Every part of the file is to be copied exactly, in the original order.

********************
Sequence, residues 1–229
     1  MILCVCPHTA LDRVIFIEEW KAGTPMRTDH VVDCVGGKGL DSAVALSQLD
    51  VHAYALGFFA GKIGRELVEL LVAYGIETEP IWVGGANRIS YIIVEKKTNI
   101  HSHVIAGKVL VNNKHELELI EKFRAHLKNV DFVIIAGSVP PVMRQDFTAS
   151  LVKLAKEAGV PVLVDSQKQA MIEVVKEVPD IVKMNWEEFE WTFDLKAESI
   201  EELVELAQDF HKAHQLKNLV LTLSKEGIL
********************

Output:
Sequence, residues 1–229
     1  MILCVCPHTA LDRVIFIEEW KAGTPMRTDH VVDCVGGKGL DSAVALSQLD
    51  VHAYALGFFA GKIGRELVEL LVAYGIETEP IWVGGANRIS YIIVEKKTNI
   101  HSHVIAGKVL VNNKHELELI EKFRAHLKNV DFVIIAGSVP PVMRQDFTAS
   151  LVKLAKEAGV PVLVDSQKQA MIEVVKEVPD IVKMNWEEFE WTFDLKAESI
   201  EELVELAQDF HKAHQLKNLV LTLSKEGIL